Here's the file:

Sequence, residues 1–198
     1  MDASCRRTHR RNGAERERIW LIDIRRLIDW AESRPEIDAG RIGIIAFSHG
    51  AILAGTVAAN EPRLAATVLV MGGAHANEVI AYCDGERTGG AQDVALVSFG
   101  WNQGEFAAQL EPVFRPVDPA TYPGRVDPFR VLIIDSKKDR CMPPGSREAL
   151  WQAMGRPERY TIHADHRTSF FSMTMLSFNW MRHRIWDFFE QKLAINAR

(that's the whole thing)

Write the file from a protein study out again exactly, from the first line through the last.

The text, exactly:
Sequence, residues 1–198
     1  MDASCRRTHR RNGAERERIW LIDIRRLIDW AESRPEIDAG RIGIIAFSHG
    51  AILAGTVAAN EPRLAATVLV MGGAHANEVI AYCDGERTGG AQDVALVSFG
   101  WNQGEFAAQL EPVFRPVDPA TYPGRVDPFR VLIIDSKKDR CMPPGSREAL
   151  WQAMGRPERY TIHADHRTSF FSMTMLSFNW MRHRIWDFFE QKLAINAR